How Elections Impact The Economy?

The dates for the general elections in India have just been announced in India. Prime Minister Narendra Modi has also expressed his enthusiasm about the upcoming “festival” of democracy. However, India is also the largest democracy in the world with around 900 million voters. This means that this festival of democracy is very expensive to conduct. Apart from the direct expenses involved in conducting such a huge event, there are also many indirect costs. Historical data shows that the economy of any country usually slows down before an election year.

In this article, we will understand the possible reasons behind this slowdown.

Government Debt

The first and most obvious impact of an election is a significant increase in national debt being taken by the government. Elections in India and across the world are marked by the introduction of policies which are economic disasters but have political benefits. The rollout of welfare schemes which will become unsustainable in the long run is a common ploy which is used by parties which are in power in order to woo the voters. Such manipulation would not work if the voters were rational and were likely to elect a government on the basis of its long term performance. However, unfortunately, that is not the case. Voters often focus on the short term benefits that they are likely to receive which causes governments to spend a lot of money trying to look good just before the elections.

Reduced Taxes

Taxes are an extremely touch subject amongst all voters across the world. The introduction of or increase in taxes is enough to make a government unpopular. Conversely, repealing or reducing taxes is enough to increase the popularity of any government. This is the reason why pre-election budgets are often marked by tax breaks for the masses. Often, the industrialists and the wealthy are made to pay for these tax breaks. A lot of times, the government is just adding to the national debt which means that the taxes are only reduced temporarily and will have to be increased at a later date.

Decisions Postponed

Industrialists and businessmen are known to avoid taking key decisions during an election year. This is because a change in the government may also mean a change in the priorities of the government. Many times the policies of a government entirely change the viability of a project. Businessmen want to avoid the risk of their projects becoming redundant thanks to government policies. Hence, they prefer to play the wait and watch game. This obviously has a negative impact on the economy since the economic output, and the jobs which could have been created now are being postponed.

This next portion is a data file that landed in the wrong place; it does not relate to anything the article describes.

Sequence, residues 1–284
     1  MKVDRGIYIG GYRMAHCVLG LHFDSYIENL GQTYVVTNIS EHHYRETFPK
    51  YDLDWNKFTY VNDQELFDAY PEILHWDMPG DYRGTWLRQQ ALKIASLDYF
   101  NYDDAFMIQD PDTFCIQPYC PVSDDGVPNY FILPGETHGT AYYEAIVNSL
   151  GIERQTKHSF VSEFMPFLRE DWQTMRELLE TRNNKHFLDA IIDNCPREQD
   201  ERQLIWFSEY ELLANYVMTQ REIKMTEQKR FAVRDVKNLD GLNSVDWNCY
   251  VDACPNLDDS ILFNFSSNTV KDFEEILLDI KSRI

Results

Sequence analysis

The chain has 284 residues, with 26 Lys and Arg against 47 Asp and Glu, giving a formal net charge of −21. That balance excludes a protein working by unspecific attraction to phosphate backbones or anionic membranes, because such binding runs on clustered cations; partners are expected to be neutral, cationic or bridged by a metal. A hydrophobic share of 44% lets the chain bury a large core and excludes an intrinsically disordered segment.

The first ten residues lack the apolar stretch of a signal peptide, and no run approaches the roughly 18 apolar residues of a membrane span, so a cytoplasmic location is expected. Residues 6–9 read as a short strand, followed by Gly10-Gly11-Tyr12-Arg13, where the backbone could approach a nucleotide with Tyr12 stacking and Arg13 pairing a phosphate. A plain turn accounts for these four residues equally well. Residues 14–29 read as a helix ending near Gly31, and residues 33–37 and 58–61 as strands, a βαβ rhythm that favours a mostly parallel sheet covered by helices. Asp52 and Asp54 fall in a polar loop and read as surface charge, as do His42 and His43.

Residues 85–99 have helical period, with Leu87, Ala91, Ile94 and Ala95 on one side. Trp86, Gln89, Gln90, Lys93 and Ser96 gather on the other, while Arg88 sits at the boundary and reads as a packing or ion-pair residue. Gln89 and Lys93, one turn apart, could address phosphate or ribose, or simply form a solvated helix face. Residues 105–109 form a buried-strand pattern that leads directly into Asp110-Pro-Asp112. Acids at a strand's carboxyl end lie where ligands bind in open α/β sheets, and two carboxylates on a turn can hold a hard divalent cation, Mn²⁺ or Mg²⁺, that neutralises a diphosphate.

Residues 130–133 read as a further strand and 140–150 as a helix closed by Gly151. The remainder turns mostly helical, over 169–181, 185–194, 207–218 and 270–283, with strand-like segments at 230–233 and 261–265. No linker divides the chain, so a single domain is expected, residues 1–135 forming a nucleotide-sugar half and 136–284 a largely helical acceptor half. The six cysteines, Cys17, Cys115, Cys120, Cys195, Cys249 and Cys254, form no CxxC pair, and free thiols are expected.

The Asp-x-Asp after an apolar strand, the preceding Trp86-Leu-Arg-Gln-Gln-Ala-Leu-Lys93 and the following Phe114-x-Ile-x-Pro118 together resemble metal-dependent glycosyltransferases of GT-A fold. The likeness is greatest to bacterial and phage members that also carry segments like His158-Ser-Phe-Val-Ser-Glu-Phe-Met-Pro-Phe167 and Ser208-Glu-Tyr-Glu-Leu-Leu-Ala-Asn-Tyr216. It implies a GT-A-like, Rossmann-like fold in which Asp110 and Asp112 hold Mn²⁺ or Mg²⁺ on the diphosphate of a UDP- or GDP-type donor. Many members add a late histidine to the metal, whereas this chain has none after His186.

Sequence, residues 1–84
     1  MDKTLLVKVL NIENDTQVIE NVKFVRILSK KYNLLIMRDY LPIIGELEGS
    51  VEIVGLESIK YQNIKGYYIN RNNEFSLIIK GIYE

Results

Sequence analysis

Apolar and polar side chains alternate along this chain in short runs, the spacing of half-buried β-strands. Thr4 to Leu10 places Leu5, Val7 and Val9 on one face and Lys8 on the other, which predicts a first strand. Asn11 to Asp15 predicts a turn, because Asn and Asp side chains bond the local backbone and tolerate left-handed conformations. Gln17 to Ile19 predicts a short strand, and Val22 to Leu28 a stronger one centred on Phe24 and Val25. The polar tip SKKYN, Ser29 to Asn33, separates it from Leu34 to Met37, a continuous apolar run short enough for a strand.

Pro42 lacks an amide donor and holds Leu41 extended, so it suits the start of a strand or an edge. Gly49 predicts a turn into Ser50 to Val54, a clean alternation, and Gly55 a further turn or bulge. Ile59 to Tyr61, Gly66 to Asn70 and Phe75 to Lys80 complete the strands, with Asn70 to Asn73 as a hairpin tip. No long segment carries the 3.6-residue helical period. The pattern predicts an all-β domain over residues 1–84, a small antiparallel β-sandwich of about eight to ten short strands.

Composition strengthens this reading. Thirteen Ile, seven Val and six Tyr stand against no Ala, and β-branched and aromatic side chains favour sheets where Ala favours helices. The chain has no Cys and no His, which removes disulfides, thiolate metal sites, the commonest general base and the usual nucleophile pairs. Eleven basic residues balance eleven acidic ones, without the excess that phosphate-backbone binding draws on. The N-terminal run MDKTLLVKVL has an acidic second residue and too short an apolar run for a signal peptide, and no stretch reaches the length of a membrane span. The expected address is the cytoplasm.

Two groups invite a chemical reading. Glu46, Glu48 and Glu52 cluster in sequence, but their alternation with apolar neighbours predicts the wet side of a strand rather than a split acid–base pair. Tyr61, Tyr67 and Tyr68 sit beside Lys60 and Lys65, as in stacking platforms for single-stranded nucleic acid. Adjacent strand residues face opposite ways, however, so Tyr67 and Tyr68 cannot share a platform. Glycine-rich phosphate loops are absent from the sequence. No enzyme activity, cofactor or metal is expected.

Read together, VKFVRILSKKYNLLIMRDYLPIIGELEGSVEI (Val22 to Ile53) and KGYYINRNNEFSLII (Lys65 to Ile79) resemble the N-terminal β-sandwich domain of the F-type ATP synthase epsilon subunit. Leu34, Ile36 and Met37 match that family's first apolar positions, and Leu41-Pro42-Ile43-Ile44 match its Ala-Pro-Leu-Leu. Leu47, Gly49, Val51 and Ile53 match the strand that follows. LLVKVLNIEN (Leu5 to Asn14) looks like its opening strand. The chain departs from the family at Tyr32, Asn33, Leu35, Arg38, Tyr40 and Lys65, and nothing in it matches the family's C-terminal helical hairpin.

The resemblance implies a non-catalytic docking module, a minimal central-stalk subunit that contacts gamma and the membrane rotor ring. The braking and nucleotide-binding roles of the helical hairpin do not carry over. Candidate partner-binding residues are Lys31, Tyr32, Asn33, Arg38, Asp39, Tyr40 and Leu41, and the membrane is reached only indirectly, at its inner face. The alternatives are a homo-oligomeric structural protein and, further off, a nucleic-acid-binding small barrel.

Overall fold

Slower Credit Growth

Since industrialists and businessmen are undertaking fewer projects, banks do not have to lend out too much money. This slows down the rate of credit growth which affects the economy in a negative manner. In fact, in countries like India, an election is the time when businessmen pull their money out of bank accounts and use it finance the election campaign of their preferred political parties. Since the money is pulled out, the amount of bank deposits reduces. Once again, since credit growth is limited by the amount of deposits on hand, it is drastically reduced during the election year.

Increased Inflation

The election period is marked by increased spending by each of the political parties. Every political party spends millions of dollars. A lot of this money is suddenly taken out from bank accounts and unleashed into the market. This is the reason why suddenly there is a lot of money chasing limited amounts of goods. This results in price inflation. Products like food items and drinks also tend to face shortage which leads to an increase in their price.

Slower Economic Growth

From all the above points it is clear that during an election year, neither the government nor the citizens are looking at long term results. They are only concerned about the immediate impact that their policies can create. As a result, the economy completely stops focusing on long term imports. Instead, the focus is on immediate consumption. Thus long term spending like infrastructure projects takes a hit. This has led to slower economic growth in every election year that the Indian economy has seen after independence.

Not all industries face the negative impact of an election. For some industries, the impact is very positive. For instance, companies which provide rental equipment for organizing events see a brisk increase in business because of political rallies. Similarly, manufacturers of certain types of goods which are used by political parties as freebies also see a sudden spurt in their business. Large scale temporary employment is provided since a lot of event management and security personnel are needed in order to conduct political rallies.

The bottom line is that elections are a drain on the national economy. Of course, they are very important, and they define what a democracy is. However, every election costs the economy a lot of money. Hence, a country would be better, from an economic standpoint, by avoiding frequent elections. It is therefore in the voters’ interest to elect a strong government that will last the entire tenure so that elections do not have to be undertaken before they are planned.


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